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Integral Trouble

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I''m doing som spare-time maths studying, but unfortunately, my general math skills seems to have deteriorated somewhat. I''m having some problems resolving "larger" integrals. Examples: Integral( sqrt(a + bx^n + cx^m) dx ) Integral( sqrt(a + bx^n + cx^m) * (d + x^o) dx ) Are there any general rules applying here? Something similar/opposite to derivation product and core rules? Any online resources / integration rules would be appreciated! (I''m aware of mathworld, but I''m not quite sure what to look for, there''s like 60 integral topics there :-| ) -meZ

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If you looked hard enough on mathworld, you would have found the basic Integration rules at http://mathworld.wolfram.com/Integral.html

Edited by - core on November 13, 2001 2:02:29 PM

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What I found here is:

Chebyshev proved that if U, V, and W are rational numbers, then
Integral( x^u(A+Bx^v)^w dx )

is integrable in terms of elementary functions (if (u+1)/v, w, or w+(u+1)/v is an integer)

This I could work with, but how would I go about actually solving such an integration?

-meZ

Edited by - meZmo on November 13, 2001 3:25:10 PM

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Guest Anonymous Poster
You''d have to try some kind of trigonometric subsitituiton for the value inside the root...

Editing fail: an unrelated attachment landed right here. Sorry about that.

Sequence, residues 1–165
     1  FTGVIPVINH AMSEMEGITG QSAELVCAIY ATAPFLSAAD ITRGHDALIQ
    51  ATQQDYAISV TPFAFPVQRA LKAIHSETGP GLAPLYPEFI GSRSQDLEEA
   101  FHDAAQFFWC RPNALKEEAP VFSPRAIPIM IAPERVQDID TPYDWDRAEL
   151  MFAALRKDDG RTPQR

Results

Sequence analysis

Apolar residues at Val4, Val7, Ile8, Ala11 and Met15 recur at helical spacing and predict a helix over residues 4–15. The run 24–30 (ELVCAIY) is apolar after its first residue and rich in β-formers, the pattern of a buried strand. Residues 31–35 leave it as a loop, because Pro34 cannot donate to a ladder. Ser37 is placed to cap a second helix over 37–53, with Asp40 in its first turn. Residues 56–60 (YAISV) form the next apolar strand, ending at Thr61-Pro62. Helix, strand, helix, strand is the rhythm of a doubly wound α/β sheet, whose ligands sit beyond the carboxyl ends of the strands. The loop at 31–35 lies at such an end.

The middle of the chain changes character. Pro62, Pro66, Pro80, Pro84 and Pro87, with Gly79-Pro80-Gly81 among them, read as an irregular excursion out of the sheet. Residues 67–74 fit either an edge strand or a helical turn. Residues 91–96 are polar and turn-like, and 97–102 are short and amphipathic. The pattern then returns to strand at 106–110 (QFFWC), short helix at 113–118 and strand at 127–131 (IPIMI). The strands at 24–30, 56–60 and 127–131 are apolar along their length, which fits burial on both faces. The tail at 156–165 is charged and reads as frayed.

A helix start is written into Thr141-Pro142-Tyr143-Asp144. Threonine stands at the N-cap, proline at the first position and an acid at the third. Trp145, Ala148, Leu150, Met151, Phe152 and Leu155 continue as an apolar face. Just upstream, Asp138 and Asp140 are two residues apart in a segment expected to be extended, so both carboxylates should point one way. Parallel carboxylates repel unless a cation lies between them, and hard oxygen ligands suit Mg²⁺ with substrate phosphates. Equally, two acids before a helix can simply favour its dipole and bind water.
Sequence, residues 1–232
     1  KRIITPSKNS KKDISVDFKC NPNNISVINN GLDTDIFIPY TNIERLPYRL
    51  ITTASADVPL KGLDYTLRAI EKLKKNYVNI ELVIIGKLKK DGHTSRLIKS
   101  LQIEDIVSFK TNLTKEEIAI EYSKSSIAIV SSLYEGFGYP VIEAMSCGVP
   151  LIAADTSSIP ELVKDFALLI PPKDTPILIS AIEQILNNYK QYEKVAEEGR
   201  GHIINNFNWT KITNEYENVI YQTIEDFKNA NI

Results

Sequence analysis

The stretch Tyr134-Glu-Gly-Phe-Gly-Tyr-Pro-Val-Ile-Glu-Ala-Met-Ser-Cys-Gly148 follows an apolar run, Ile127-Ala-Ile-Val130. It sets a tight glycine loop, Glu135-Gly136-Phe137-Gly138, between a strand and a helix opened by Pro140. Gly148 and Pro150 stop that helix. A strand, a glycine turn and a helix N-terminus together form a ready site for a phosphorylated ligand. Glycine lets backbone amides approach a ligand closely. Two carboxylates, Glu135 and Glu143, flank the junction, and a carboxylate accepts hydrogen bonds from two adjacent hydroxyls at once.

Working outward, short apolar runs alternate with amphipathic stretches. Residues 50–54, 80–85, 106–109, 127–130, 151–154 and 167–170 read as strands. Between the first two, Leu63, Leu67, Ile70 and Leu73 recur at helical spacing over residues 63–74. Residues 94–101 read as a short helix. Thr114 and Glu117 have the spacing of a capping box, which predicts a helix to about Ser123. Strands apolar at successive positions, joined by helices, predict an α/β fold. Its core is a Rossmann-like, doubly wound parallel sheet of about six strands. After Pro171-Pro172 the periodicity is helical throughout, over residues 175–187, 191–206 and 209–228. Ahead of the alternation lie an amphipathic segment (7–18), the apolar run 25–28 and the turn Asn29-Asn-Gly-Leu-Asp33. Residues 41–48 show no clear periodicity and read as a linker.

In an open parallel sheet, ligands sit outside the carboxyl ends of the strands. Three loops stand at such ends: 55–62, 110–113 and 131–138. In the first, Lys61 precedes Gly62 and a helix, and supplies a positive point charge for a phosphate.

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Guest Anonymous Poster
Also you can look for tables, and try a reduction method...

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Thanks AP!

I''ll give trig. subst. a try.

What do you mean by "look for tables and try a reduction method"? Do you mean look for "known" integrals and subst. for those?

-meZ

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Guest Anonymous Poster
its hard to do an integral of something in a root,(or raised toan exponent) if you are unable to find some kind of trig relationship, or if it is a nice integral that you can you integration by parts, so far complex mathematical/engineering integrals, some kind of integral exists that can continually reduce the expression to something simpler to integrate through repeated integration... something to that effect...
a little shaky with my integral calculus tho...

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Well I always understood integration to be part of the basics of calculus, and i just had an exam on that and i seemed to kick mucho ass, but here''s my stab at answering your question on integration/anti-differentiation. striaght from the maths book:
For example, if f''(x) = 2x then f(x) = 2x^2/2 = x^2

Rule 2. If f''(x) = ax^n, then antiderivative is
f(x) = ax^(n + 1)/(n + 1) + c, n != -1, where c is a constant

and with square roots and stuff, just convert them to there positive exponent form and apply the rule, hope that helped, cya.

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Guest Anonymous Poster
but that wont work if you''re integrating a polynomial expression raised to an exponent wrt to the variable of the polynomial...

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You had trouble with that integral? Geez, you must be some kind of dip You might want to look for something related to numeric integration such as Simpson''s rule. You might also want to review the definition of the integral and rheiman sums.

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